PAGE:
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Powerful new USB-C charging for MacBooks, laptops and more could mean its time to ditch the brick

USB-C charging
(Image credit: ShutterStock / kontrymphoto)

USB-C charging for devices like the 16-inch Macbook Pro or the Microsoft Surface laptop 4 isn't new technology, but its previous 100 watts limitation created the need for different power bricks to be used across different devices. This is annoying for anyone that wanted to charge their device without the specific cable, or anyone simply wanting some consistency across their devices given that most mobile phones on the market are now charged with a USB-C.

All that could be about to change, however, as a new specification is in development that will enable up to 240 watts of power to flow through a USB-C cable without the need of a power brick. The future is looking bright for anyone who wants a single charger to be used across every gadget we own.

That's a lot of power

The USB-IF website states this new USB-C 2.1 will be called 'Extended Power Range', allowing MacBooks and laptops to sufficiently top up their batteries without the need for a power brick, something that is used to compensate for the battery drain caused by a USB-C plug being unable to keep up with a device during power-hungry tasks.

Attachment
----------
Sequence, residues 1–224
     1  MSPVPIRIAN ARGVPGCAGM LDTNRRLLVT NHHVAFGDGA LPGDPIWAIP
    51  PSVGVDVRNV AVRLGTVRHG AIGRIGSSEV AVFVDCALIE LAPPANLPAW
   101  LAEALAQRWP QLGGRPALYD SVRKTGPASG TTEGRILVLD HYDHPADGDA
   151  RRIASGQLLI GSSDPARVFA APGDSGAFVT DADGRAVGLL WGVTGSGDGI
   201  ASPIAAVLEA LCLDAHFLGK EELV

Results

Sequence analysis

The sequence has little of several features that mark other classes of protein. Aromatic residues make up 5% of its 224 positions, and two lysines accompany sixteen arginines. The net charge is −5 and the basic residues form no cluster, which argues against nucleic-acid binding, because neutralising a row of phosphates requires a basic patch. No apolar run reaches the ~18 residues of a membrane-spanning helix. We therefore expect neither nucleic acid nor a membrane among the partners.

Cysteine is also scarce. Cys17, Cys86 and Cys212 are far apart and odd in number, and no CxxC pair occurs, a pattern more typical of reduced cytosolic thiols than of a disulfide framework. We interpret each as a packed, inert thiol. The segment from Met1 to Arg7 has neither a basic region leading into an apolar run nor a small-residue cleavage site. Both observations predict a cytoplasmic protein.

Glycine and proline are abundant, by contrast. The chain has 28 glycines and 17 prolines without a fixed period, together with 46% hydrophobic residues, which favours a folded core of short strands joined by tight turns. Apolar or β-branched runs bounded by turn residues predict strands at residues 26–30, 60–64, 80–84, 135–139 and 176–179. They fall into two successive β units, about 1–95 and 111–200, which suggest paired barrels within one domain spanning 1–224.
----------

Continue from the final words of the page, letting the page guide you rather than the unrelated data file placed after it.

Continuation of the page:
In fact, we could see this tech powering a wide range of products outside of portable computers that demand a higher wattage than the current generation of USB-C can supply, such as office printers, 4K monitors, and beasty gaming laptops.

WCCFTech also points out that this could solve previous bottlenecks on products like the new M1-powered MacBook line, which could result in improvements made to internal components like graphics cards if heavy load tasks life video editing and 3D rendering will no longer cause the battery to drain while being charged.

It's currently reported that these new USB-C products will be visually differentiated in some way from existing ones currently available on the market to avoid any mistaken purchases (required due to the higher risk of arcing while unplugging a live cable), though it's also possible that the cables themselves may need to be thicker to accommodate the full 240 watts of charge.

There's no official word on when we will see these new EPR supported cables hit the market, but given USB-IF works closely with almost every major tech manufacturer, such as Apple, AMD, Intel, Dell, Google, and much, much more, it's likely we will see this widely implemented across new hardware when it starts to replace the current standard.